wibbly that does not sound right about election having to be officially announced first as my constituency (Luton South) said they are sending April 20th as I think that is closing date for people entering to stand but if others have theirs already then they must just be making up the rules locally.
I do smell a rat though, you are right they made a big fuss about expats voting and now seem to be making it as difficult as possible in certain seats anyway.
so just received an envelope from electoral services, thought it would be my ballot paper but no, just a letter confirming I am registered to vote by post, dated 23 March, it's not looking good is it?
Well DH's polling card has arrived and mine hasn't! As our docs were all sent in together to register for postal voting, goodness knows what's going on!
wibbly it is mad isn't it? Can't believe they took up time & resources sending me a letter when they have my email address!
Ballot papers received this morning & duly completed with shaking hand hoping I am doing the right thing. Thankfully DH is flying to the UK tonight so he is under instructions to put them in the first post box he comes across.
Lex - that's what we could do with - a personal courier service! Glad you managed to complete and will have them back in time. I emailed Richmond again and asked them if they could send my papers via a BFPO address at the embassy here. No reply... I could have them turned around in time if they used that route and I also posted them back via BFPO. I know it's not strictly what BFPO is for, but it could work. Randomly, my email correspondence with the council has always been answered on a Saturday, as though they wait until the weekend to catch up. Shambles, the lot of them!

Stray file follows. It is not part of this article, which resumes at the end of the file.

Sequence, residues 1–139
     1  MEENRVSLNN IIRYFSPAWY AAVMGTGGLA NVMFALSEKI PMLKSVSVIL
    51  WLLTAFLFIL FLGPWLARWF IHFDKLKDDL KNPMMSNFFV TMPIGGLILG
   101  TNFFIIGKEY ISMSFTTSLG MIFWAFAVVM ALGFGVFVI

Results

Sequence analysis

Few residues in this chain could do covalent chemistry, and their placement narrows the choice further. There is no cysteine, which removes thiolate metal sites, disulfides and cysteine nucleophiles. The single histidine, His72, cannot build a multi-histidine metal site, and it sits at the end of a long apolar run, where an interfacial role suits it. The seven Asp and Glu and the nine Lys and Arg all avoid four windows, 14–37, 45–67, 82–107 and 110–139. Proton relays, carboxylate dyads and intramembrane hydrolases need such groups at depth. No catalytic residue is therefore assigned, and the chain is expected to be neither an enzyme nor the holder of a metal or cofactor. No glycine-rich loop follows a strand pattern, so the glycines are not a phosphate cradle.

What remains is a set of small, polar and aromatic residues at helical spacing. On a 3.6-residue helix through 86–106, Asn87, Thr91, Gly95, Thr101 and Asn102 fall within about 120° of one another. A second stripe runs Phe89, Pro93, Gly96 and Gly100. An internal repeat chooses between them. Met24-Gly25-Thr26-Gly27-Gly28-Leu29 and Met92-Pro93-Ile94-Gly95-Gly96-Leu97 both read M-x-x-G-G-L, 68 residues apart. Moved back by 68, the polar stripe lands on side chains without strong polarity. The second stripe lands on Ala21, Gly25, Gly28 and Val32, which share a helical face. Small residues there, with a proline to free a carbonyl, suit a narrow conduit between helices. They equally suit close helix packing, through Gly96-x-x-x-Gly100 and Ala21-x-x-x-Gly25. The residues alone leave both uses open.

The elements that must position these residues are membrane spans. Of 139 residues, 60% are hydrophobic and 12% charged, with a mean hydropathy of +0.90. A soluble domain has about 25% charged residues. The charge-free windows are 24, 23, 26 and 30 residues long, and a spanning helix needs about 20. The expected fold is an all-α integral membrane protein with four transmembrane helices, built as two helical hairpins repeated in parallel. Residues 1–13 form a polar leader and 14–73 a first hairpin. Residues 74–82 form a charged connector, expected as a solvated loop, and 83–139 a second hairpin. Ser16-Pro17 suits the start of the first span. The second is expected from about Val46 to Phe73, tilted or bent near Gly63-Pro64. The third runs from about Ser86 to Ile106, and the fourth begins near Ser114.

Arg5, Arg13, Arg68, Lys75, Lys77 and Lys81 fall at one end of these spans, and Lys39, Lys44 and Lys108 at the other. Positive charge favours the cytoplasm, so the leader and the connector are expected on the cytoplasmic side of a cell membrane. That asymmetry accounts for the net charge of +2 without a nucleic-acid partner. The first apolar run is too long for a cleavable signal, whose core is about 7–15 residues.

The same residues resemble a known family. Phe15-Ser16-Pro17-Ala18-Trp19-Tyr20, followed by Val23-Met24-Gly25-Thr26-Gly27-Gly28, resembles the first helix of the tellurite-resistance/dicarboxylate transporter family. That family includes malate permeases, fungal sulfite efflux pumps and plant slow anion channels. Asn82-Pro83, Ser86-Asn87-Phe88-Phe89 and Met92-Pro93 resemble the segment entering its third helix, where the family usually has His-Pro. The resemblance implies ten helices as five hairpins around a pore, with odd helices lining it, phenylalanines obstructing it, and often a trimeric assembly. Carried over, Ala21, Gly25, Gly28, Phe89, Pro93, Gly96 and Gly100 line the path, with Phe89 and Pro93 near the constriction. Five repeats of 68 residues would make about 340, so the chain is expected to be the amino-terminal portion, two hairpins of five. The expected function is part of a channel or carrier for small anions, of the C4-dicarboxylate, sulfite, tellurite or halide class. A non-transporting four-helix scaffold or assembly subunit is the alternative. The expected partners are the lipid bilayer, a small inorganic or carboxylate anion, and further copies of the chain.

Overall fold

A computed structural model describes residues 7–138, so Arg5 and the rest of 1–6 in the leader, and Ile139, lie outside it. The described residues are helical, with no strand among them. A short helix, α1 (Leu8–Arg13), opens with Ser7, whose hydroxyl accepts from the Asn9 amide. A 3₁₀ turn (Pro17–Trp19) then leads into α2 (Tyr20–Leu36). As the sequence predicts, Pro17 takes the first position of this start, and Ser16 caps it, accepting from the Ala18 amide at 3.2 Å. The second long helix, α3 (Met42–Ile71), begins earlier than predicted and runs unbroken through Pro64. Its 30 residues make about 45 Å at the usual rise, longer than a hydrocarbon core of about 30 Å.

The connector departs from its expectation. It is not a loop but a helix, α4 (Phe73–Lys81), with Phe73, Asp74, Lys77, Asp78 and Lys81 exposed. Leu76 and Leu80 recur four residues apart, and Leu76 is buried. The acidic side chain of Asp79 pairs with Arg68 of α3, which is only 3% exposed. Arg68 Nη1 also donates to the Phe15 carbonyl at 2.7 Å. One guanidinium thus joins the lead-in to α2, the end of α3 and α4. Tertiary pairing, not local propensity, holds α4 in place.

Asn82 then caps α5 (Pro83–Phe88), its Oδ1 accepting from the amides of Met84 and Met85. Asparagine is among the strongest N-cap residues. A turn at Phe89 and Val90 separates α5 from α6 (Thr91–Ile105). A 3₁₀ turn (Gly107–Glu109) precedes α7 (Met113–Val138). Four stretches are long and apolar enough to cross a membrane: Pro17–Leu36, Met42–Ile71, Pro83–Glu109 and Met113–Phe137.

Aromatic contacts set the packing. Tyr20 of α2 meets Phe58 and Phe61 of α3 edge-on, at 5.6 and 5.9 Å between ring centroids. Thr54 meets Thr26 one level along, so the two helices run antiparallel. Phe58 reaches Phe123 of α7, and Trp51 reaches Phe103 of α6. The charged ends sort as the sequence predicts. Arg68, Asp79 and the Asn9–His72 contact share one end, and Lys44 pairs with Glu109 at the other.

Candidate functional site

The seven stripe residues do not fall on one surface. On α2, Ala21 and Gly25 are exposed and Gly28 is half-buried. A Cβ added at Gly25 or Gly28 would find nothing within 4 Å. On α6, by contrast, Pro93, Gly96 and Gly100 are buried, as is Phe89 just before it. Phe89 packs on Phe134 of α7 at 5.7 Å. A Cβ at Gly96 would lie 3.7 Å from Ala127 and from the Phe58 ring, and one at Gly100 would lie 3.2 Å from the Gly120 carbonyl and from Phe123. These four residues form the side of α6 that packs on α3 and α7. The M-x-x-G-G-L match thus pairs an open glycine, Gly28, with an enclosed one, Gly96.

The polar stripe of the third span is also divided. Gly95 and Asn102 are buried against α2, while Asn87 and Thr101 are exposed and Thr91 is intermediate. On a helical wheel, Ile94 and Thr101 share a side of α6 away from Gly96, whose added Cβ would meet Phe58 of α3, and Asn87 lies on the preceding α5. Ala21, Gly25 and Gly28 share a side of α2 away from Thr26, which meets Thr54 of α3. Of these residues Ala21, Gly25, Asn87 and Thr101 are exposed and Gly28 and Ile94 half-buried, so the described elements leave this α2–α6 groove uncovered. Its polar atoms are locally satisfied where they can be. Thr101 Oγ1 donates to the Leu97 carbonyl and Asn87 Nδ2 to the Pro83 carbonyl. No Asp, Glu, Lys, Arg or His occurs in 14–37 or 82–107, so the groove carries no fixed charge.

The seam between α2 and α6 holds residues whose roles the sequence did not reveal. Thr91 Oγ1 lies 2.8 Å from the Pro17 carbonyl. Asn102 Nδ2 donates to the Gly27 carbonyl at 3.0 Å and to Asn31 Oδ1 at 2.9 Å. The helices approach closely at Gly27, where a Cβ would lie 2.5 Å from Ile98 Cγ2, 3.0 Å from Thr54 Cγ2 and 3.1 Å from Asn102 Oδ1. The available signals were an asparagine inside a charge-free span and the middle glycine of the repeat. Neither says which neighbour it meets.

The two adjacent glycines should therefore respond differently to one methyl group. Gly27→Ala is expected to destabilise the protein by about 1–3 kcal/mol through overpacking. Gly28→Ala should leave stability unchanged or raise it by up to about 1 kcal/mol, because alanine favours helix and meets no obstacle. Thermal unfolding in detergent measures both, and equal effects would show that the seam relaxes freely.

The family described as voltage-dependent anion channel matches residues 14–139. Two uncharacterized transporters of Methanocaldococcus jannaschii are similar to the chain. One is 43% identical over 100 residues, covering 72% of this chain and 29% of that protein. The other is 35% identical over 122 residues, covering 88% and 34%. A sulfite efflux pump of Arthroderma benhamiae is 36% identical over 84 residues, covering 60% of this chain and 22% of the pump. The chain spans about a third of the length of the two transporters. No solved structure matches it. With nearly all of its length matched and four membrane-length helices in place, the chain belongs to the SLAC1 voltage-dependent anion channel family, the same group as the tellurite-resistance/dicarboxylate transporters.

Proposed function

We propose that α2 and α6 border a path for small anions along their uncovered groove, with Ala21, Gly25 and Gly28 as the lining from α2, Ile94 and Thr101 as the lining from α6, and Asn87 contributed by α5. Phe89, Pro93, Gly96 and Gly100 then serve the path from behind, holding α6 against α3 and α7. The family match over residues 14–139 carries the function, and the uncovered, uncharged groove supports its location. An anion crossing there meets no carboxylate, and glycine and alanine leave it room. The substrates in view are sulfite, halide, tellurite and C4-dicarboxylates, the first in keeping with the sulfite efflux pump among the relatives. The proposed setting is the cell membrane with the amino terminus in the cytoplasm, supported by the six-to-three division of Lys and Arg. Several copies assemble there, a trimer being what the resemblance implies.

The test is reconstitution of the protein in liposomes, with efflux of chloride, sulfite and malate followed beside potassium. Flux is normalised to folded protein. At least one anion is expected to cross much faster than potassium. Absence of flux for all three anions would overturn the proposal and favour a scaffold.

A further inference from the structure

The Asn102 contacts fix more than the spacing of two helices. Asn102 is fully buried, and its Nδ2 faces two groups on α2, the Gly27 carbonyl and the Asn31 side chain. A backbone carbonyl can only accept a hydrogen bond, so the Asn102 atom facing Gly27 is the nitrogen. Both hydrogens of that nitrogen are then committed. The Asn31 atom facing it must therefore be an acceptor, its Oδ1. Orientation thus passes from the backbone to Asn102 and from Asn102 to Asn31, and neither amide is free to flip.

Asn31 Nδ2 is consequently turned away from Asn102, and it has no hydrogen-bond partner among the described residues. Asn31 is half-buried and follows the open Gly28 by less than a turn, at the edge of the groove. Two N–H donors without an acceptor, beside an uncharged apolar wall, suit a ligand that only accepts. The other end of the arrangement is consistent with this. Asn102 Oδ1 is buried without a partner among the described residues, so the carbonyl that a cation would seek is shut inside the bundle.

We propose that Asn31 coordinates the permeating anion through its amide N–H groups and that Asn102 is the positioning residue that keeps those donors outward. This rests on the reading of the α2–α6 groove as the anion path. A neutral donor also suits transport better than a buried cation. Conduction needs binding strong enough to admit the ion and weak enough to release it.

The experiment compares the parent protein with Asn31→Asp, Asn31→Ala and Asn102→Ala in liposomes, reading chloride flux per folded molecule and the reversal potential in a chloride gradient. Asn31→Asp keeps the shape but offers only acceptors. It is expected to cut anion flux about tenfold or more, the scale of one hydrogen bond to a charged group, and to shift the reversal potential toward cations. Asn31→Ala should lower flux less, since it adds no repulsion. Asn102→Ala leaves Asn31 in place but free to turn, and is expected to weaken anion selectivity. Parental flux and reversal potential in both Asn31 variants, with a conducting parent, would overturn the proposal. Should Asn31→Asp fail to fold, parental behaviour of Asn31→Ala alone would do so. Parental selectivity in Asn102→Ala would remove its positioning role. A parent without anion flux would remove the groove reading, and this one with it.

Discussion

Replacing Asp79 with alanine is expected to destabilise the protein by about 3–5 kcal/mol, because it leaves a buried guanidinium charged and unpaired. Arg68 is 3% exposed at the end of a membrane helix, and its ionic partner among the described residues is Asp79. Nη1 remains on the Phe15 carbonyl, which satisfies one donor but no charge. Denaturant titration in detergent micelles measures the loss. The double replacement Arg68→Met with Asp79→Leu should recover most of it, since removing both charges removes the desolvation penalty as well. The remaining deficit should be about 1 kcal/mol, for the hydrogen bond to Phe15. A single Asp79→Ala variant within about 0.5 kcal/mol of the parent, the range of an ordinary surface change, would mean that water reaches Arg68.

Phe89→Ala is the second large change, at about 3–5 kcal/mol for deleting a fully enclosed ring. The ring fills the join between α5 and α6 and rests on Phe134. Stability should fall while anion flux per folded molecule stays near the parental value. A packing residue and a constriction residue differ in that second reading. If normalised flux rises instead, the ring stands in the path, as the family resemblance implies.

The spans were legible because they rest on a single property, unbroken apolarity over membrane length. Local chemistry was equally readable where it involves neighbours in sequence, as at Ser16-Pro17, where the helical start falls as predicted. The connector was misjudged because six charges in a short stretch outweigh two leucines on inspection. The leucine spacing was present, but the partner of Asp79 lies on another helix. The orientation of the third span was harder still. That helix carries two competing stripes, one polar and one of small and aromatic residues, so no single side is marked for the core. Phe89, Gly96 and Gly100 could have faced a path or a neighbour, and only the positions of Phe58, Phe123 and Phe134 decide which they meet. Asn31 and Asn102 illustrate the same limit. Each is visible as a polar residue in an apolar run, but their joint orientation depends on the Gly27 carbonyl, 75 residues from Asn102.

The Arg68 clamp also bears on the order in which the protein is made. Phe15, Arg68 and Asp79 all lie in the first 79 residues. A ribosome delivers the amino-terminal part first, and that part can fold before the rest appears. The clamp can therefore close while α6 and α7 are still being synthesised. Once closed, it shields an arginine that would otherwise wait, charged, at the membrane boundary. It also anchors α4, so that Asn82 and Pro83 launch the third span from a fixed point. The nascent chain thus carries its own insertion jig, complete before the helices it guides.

wibbly that is a disgrace. I have emailed electoral commission to advise their ex-pat drive will be a spectacular failure - no reply, sigh.
As for the Saturday emails I expect it is so they can claim overtime
I hope you managed to get yours turned around in time
I am in Northern France about 50km from a Channel port and mine still haen't come. So Bank Holiday here tomorrow, Bank Holiday in the UK Monday, no chance!
Not good enough.
Well, I just got a reply to my request to send the ballot paper via the embassy here. It was a really quite patronizing email that included a change of address form! I wrote back and said that wasn't quite the point, I was just trying to speed things up... So, on the advice of the electoral commission, I've asked for details of the council's monitoring officer, with a view to talking to the parliamentary ombudsman if I don't get a satisfactory answer.
Apparently my ballot paper is now on its way. I'm tempted to courier it back if it arrives in time and invoice the council for the fee.